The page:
On the hunt for a Christmas gift with a difference?
Dublin has a wealth of markets and independent traders, making it the ideal shopping hub for alternative gifts this Christmas. There are a plethora of options so even if you’re buying for the most difficult people you’re sure to find something unique and thoughtful.
We spoke to three small, independent and sustainable Irish businesses that you will find in the city centre this Christmas.
Sheelin, owner of The Kind Co., has teamed up with eco-friendly kids’ store Jiminy.ie to create The Conscious Christmas Store on Fade Street. From reusable gift wraps and keep cups to books, eco-friendly toys and shampoo bars, there’s a gift on offer for everyone.
We Make Good is Ireland’s first dedicated social enterprise store. Each product comes with a card detailing where it has come from, who has made it and how you’re making a difference to someone’s life by shopping there, and choosing to gift ethical, handmade goods. You’ll also find them on Fade Street, just a couple of doors down from The Conscious Christmas Store.
The perfect gift for any techies in your life can be found on Wicklow Street, where Ambr Eyewear and Happy Out Café have joined forces to open a Christmas pop up. Grab a flat white and check out this amazing Irish start-up, who specialise in selling anti-blue light glasses.
These three retailers are just a small taste of the amazing alternative shopping opportunities out there to explore in Dublin. Choosing to shop local makes a difference – it’s Christmas gifting made simple.
Getting lost in a new city is a good way to explore, feeling lost, however, is something entirely different. A new city is an opportunity to rewrite your life, but it can be tempting to slip into a routine of what feels comfortable and familiar; home to work and work to home, texting and scrolling the evenings away. To make a city truly your own, you need to create spaces for yourself within it; a favourite café, a bookshop, your secret hideaways, with activities where you can meet like-minded souls.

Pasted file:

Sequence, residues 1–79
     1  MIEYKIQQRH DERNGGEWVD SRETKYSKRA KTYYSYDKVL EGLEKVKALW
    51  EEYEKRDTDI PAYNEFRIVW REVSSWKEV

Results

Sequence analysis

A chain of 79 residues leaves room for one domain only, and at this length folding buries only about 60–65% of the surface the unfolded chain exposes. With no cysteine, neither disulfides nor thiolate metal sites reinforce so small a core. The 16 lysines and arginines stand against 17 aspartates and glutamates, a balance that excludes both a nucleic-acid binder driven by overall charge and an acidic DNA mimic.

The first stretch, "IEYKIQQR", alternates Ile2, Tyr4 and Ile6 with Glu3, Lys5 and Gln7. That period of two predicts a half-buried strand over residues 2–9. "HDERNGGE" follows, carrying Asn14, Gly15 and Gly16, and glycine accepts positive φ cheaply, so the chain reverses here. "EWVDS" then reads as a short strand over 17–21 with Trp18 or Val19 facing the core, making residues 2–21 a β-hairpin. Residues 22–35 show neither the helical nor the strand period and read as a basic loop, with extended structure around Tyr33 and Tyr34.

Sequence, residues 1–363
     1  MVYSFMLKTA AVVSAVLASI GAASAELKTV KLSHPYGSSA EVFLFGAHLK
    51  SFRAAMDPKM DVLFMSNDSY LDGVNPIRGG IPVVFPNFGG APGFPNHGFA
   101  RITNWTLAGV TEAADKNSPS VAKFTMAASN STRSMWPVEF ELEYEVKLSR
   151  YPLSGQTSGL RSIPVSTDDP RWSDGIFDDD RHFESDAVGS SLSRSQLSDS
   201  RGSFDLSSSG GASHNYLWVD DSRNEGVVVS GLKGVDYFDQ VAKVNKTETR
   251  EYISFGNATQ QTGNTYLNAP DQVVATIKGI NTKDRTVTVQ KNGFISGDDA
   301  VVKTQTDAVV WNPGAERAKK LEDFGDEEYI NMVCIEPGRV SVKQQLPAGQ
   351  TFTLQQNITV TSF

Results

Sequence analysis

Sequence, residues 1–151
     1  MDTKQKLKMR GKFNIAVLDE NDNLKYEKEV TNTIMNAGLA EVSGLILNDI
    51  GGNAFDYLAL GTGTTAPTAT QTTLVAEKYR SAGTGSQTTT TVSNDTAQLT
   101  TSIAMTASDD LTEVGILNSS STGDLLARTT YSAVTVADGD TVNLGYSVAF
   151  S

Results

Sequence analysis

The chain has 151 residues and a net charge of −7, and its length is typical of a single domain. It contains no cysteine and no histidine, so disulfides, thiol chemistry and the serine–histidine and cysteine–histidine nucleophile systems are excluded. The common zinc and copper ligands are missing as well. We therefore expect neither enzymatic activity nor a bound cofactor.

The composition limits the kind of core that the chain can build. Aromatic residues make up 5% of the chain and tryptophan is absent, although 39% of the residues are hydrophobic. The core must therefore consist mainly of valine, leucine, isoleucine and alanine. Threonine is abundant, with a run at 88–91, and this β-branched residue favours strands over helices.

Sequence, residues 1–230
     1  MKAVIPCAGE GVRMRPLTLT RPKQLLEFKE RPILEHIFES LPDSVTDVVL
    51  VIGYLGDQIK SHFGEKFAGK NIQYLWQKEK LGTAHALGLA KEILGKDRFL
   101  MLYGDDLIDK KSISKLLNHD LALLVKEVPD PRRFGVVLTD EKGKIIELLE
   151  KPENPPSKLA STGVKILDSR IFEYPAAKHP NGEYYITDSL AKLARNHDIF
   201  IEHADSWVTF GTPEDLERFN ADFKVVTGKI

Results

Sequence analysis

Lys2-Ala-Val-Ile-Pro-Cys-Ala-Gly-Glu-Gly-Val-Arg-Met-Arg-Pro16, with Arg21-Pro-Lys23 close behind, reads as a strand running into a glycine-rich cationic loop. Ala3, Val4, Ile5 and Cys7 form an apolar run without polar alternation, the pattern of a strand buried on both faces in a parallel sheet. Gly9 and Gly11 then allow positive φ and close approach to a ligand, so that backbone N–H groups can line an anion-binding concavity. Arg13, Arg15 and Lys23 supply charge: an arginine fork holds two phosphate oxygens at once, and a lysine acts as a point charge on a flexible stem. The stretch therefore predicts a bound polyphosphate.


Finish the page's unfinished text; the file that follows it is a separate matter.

On a cold winter night in Dublin, down the mews-lined Waterloo Lane in the south city centre, lies one such pocket of space,
Meet a Dubliner: Shauna Caffrey, Musicologist and Werewolf.
My name is Shauna Caffrey and, in performance circles, I’m also known as Alice Apparently. I’m a PhD researcher on witchcraft, music and magic in the 17th century. I’ve been known to take to the stage in various forms, either as a werewolf or in very glittery burlesque performances as Alice Apparently. I am a Dub at heart.
I always wanted to be the Indiana Jones of musicology. I feel like I’m leaning a little bit more now towards being the Vincent Price of musicology, which I’m probably even better with.
It’s fun to dress up as a werewolf and g
The Book of Kells in Trinity is arguably Dublin’s most famous work of art but what of all the internationally renowned masterpieces housed in the Dublin galleries?
Here are ten of the major artworks waiting to be discovered behind doors you walk past every day.
In the National Gallery:
1. Caravaggio – The Taking of Christ
Caravaggio painted this dramatic scene of the arresting of Jesus in 1602 for the Roman Marquis Ciriaco Mattei. We see Judas identifying Christ with a kiss and the guards moving in for the arrest. The darkness of the painting is lit from within by a lantern held by St Peter, although this is considered to be a self-p